Shot in just six days over Halloween 2021, the trailer for Hitchcock-inspired CASTING KILL was released on 28th October 2022, exactly one year to the day filming commenced with the aim of offering a different take on the horror genre, and with a nod to Old Hollywood glamour.
Casting Kill is a part satire, part suspense thriller. The story follows serial killer Arthur Capstone who holds bogus auditions during his sinister ‘casting roadshow’. The film broaches a number of contemporary themes about the movie business and could make for uncomfortable viewing, not only for Hollywood producers, but also for those involved in the UK film industry, which certainly isn’t devoid of controversy, favouritism, and perhaps even corruption. Indeed, much of Capstone’s rhetoric is derived from industry seminars and presentations attended by director James Smith and producer/screenwriter Caroline Spence, at various film festivals over recent years.
Casting Kill explores the extreme side of film industry corruption set within the horror-genre. “I was intrigued by the subject matter,” explains James Smith, “since filmmakers at all levels cannot fail to acknowledge and somehow address the aching problems that face an industry which is supposedly glamorous, and yet laced with reality: where there is money and power, evil is not far away.”
This film might seemingly play out as the straight portrayal of a psychopath with ‘mom issues’, but there is more depth to the sinister tale than this. His rhetoric is well-rehearsed, comforting, music to the ears of naive auditionees, and much akin to the corporate spiel of industry movers and shakers, all feverishly keen to signal good intent and thus garner support for their cause.
In this sense, Capstone is perhaps even a personification of the industry itself, a business within which dreams are offered with caveats and preconditions as defined by gatekeepers and so-called talent scouts.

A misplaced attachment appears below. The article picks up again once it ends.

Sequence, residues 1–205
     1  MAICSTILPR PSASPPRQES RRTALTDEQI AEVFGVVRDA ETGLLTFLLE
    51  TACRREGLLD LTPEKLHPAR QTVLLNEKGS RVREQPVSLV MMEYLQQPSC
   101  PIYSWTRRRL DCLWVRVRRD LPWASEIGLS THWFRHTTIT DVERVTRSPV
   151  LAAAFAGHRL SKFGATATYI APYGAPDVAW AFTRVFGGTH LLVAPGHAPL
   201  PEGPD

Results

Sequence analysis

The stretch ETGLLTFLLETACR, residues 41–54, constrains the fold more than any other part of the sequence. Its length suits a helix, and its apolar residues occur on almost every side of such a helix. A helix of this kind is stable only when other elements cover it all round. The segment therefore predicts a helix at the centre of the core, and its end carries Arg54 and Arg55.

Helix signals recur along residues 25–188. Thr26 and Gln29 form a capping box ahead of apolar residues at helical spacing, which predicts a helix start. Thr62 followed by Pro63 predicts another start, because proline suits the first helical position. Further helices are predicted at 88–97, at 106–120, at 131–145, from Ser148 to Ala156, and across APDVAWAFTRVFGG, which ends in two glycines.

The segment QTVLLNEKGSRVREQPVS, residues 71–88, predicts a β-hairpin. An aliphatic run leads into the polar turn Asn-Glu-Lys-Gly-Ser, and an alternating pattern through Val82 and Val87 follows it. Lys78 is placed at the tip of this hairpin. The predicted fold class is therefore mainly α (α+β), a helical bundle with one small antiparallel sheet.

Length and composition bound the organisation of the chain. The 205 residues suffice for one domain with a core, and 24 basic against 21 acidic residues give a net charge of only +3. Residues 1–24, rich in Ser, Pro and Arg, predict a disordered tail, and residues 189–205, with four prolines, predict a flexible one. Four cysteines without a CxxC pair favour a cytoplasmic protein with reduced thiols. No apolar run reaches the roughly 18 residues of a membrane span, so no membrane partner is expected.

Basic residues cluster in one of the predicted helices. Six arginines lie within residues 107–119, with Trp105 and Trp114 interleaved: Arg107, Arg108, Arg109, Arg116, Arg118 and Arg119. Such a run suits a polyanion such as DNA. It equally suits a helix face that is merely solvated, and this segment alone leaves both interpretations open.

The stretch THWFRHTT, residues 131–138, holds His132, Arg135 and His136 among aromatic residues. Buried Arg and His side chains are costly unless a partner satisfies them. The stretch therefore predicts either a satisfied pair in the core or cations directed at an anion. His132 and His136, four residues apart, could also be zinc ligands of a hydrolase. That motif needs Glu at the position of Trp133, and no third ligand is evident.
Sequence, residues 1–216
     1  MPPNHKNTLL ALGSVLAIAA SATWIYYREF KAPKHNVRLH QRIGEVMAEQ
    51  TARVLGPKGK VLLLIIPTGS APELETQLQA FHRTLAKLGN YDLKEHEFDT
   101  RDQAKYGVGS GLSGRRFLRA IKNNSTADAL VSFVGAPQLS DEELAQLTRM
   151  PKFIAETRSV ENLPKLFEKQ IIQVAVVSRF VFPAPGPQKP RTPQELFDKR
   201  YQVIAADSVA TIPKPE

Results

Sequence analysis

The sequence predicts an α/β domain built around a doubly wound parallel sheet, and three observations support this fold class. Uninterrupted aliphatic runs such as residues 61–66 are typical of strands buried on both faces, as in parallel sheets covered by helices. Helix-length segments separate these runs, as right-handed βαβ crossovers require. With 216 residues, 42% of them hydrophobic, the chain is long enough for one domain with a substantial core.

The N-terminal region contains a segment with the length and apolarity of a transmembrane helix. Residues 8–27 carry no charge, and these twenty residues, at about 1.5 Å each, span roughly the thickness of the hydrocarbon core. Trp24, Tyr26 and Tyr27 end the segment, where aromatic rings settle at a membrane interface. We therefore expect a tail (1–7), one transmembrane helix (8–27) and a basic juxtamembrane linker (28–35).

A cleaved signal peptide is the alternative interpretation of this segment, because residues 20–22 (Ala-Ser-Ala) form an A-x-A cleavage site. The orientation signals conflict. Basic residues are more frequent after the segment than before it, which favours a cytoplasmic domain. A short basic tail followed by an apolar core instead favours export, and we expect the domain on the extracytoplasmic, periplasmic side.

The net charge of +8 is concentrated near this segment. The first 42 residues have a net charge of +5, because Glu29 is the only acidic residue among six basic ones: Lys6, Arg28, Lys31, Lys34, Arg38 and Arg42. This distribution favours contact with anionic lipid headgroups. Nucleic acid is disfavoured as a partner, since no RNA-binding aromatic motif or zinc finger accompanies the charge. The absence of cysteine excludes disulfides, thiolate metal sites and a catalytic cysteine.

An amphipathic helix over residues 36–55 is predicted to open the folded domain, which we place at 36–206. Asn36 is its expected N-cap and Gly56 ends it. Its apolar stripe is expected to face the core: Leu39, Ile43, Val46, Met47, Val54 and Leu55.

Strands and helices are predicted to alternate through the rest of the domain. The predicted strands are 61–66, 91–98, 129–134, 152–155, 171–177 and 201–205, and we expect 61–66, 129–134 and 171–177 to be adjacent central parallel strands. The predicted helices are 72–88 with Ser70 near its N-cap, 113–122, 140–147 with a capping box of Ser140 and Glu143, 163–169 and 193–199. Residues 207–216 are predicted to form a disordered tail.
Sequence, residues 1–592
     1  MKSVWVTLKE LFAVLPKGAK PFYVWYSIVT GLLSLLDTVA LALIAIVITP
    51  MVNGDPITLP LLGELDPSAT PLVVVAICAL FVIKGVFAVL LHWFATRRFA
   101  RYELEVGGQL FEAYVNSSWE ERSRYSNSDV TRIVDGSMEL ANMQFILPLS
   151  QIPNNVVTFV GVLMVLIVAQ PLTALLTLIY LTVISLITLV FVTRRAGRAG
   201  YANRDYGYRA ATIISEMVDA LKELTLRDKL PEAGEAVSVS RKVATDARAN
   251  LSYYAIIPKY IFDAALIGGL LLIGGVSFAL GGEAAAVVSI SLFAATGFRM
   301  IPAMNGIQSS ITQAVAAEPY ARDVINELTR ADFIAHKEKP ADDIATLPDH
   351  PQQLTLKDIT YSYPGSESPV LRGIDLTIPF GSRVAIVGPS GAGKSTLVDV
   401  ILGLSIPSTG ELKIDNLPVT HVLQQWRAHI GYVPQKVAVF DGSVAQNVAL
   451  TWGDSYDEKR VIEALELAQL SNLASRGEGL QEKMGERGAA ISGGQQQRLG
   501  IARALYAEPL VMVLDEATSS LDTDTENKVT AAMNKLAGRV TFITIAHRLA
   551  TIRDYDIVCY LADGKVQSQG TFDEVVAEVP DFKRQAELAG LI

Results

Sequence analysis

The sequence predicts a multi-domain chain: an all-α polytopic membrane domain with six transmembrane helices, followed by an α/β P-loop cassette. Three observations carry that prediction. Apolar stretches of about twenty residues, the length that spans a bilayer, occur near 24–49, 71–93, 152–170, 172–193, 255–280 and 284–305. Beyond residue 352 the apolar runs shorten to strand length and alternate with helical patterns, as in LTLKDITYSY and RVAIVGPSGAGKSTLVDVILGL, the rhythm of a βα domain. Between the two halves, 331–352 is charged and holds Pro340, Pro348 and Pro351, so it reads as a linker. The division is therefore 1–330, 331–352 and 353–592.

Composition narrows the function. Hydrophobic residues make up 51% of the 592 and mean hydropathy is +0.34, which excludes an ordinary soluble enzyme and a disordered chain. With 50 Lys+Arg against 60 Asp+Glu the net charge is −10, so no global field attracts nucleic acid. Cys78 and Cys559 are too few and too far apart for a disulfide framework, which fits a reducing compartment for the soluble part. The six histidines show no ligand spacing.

The satirical nature of the film may draw some parallels to American Psycho – crass materialism and a yearning for yuppie status – however, James was keen for the focus to remain on the movie business, the people and their motivations. Being seen to be virtuous and inclusive is everything, but who can you believe?
James continues, “Despite its nod to yesteryear, I wanted to make Casting Kill a talking point about today’s industry – with what we know of past crimes, who are we now prepared to trust? To preserve the integrity of the subject matter, some of which may be perceived as divisive, certainly controversial, I wanted to make this a truly independent project.”
With its unusual take on horror, Casting Kill is no slasher or gore fest and, like many of Alfred Hitchcock’s most renowned productions, is a collaborative project between UK filmmakers and an American composer, in this case, Shaun Finnegan from New York.
Casting Kill is the fifth feature film from Raya Films and will enjoy its World Premiere at the Horror-On-Sea Film Festival in Southend-on-Sea City (near London, UK) on 15th January 2023.
Further screenings are planned in the USA with details to follow when confirmed.
Directed by James Smith and produced by Caroline Spence.
Raya Films: www.rayafilms.com/castingkill
Photos by Brendan Walker
Poster design by Sean Strong
James Smith, director and writer of article is pictured in second image.
Note: Images are Behind The Scenes shots of Casting Kill